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Easter Week

Easter Week

Easter Week

Easter in Málaga is an annual religious, social and cultural celebration in the city. This celebration brings with it 45 processions and unparalleled experiences. Find out how to fully immerse yourself in these festivities, which transform the city like no other time of the year.


At the heart of the celebrations are the brotherhoods, or confraternities, some of which date back more than five centuries, which carry their religious images in procession from their places of origin to a common official route in the historic centre. Some of them also enter the Cathedral for the “estación de penitencia” (penitential station).

Málaga's most striking feature of Easter is the way they carry their thrones, with external poles that involve hundreds of men and women working towards a common goal. In addition, nazarenos (hooded confraternities), musicians, acolytes and military corps make up integral parts of the processions.

Palm Sunday

Nine processions lead the Palm Sunday celebrations in Málaga. Highlights include the emblematic brotherhood of La Pollinica in the morning, accompanied by child nazarenos. The afternoon features a number of brotherhoods that have been rekindling Easter since the 1980s, such as Dulce Nombre, Humildad y Paciencia, Salutación, Ecce Homo, Salud, and the Virgen de Lágrimas y Favores. The day concludes with two classic brotherhoods, El Huerto and El Prendimiento.

Easter Monday

Jesús Cautivo, from the Trinidad neighbourhood, is the main devotional attraction that parades through the streets on Easter Monday. The popular brotherhoods of Los Gitanos and Los Estudiantes also appear, along with the Virgen de los Dolores del Puente, which provides a contrast of sobriety in which the brotherhoods of the Crucifixion and the Passion also take part.

Holy Tuesday

The Virgen del Rocío, known as the 'Bride of Málaga', is the main event on Holy Tuesday. Besides the classic brotherhoods of La Estrella, El Rescate and La Sentencia, there are also the Penas brotherhoods, with a Virgin wearing a mantle of natural flowers, and Nueva Esperanza, the first of the brotherhoods that began to arrive from a neighbourhood beyond the historic ones.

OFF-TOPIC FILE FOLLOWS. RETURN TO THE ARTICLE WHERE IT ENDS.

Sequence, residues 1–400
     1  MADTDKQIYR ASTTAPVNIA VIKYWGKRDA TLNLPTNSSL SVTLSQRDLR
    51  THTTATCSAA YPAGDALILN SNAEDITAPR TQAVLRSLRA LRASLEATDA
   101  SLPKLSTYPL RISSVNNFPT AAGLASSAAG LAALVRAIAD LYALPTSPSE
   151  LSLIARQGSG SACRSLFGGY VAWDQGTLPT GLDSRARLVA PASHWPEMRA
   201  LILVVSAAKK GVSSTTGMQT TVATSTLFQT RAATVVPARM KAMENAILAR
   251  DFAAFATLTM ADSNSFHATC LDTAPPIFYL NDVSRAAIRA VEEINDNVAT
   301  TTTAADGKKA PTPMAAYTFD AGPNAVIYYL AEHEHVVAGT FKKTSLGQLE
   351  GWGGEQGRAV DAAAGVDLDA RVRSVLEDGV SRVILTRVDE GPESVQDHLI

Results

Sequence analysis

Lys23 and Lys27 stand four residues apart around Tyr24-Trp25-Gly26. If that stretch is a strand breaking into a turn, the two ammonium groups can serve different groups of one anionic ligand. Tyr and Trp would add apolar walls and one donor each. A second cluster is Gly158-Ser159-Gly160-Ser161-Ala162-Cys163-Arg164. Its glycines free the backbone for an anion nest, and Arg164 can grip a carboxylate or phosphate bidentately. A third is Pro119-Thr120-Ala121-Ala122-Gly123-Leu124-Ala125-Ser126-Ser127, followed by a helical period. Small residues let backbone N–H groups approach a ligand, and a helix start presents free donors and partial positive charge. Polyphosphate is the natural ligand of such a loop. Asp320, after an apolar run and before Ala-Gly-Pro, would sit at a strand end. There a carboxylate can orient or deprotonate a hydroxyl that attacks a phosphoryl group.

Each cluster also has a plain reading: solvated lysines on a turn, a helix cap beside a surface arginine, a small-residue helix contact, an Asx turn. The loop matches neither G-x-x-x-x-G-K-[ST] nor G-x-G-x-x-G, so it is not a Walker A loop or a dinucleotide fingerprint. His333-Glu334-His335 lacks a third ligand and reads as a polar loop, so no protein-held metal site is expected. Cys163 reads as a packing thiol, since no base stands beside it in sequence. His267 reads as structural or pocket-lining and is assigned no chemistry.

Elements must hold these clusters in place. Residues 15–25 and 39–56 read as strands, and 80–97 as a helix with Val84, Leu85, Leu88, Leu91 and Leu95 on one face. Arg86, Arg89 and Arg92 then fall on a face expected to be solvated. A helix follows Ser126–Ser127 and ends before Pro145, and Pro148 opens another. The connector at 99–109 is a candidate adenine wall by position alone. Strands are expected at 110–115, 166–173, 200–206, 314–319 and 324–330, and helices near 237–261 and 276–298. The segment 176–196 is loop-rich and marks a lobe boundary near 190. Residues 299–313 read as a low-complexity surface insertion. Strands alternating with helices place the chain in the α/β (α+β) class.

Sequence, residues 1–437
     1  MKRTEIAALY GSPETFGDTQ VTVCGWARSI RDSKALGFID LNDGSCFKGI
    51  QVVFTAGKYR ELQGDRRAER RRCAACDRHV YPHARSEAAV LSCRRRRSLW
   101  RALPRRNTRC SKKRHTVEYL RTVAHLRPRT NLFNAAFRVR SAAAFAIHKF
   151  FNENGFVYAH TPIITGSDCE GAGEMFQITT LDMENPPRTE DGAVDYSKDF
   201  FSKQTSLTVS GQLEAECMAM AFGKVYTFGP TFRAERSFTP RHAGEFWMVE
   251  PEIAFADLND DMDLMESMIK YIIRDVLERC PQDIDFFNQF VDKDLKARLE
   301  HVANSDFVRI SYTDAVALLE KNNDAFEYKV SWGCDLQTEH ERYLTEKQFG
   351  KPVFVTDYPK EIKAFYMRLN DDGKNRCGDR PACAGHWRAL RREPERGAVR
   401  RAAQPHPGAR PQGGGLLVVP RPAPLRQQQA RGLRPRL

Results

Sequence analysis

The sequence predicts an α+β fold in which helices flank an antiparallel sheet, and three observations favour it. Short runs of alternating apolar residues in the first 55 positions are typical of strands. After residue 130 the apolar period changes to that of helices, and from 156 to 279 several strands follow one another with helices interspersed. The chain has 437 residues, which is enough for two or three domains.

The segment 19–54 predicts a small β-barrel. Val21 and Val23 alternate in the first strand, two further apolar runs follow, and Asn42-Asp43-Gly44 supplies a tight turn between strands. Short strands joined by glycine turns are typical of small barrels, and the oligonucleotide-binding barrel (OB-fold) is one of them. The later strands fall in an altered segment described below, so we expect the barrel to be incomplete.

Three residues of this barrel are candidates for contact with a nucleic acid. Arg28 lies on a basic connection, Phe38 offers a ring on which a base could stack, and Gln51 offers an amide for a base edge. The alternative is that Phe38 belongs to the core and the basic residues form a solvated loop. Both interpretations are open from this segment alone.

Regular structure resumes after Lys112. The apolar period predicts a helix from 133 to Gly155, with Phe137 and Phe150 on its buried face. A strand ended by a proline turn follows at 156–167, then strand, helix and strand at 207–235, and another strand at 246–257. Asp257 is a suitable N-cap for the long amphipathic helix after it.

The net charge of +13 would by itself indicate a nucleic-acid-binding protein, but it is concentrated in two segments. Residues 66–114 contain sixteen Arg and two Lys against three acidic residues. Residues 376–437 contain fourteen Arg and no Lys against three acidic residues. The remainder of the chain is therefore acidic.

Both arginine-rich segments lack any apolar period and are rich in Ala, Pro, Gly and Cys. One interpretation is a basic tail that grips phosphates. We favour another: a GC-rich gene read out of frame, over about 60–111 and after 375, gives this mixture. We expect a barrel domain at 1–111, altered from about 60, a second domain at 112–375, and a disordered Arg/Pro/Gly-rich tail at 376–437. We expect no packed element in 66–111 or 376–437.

Holy Wednesday
The more classical processions begin to flourish on Holy Wednesday. These include the Cofradías Fusionadas, La Paloma, Jesús 'El Rico', who is the star attraction of a prisoner's annual liberation, La Sangre, and the lavish cofradía de la Expiración ('Expiration' brotherhood). New confraternities such as the Mediadora de la Salvación (Mediatrix of Salvation) and that of the Salesians are also added to the list.

Maundy Thursday

Highlights include the Esperanza, whose Dolorosa marches on its most emblematic throne, together with the Misericordia, Zamarrilla, the Sagrada Cena, Viñeros and the Congregación de Mena, whose Christ is accompanied by La Legión. The sober procession of the Vera+Cruz, which is the last one that the Cofradías Fusionadas bring to the streets, and the procession of the Holy Cross add to the day's festivities.

Good Friday

Processions from almost all the historic quarters define Good Friday. La Victoria, La Malagueta, La Trinidad and El Molinillo stand out with processions such as El Amor y el Monte Calvario, El Descendimiento, La Soledad de San Pablo and La Piedad. From the historic centre come the silent brotherhood of the Dolores de San Juan and the emblematic brotherhood of the Holy Sepulchre. The day ends with the Virgen de Servitas walking through the streets in darkness with the brothers and sisters reciting their prayers.

After a procession-free Holy Saturday, Easter ends on Easter Sunday with the procession of the Resurrected Christ, organised by the Agrupación de Cofradías (Association of Brotherhoods) as this is the patron saint of all the brotherhoods in Málaga. Each confraternity offers a unique spectacle in different parts of the city, such as processions and bull runs, crossing bridges, beneath the trees of the Alameda, walking along Calle Larios and in the silence of the Cathedral, in a variety of narrow streets.


Easter in Málaga is also a celebration for the senses. Incense is a typical aroma of the processions. Other scents include the smell of flowers, wood from the thrones and the smell of the sea.


Sound is another important element of Easter Week in Málaga. You may hear the sound of the steps under the thrones, processional marches, the shouts of "viva" to the images and the bands of music that accompany the processions, playing processional marches. Processional marches are a musical genre unique to Easter, and are played by bugle and drum bands, symphonic bands or musical groups.


Easter is a celebration which is experienced wholeheartedly and the people of Málaga are very devoted to their titular images and the processions.

This is a week spent in the streets, waiting for the brotherhoods in their neighbourhoods when they return in the early hours of the morning. People cheer and applaud the gatherings; they stand in silence as the music plays or watch a more austere brotherhood pass by, all you need to do is let yourself become a part of it and get into the spirit of the procession.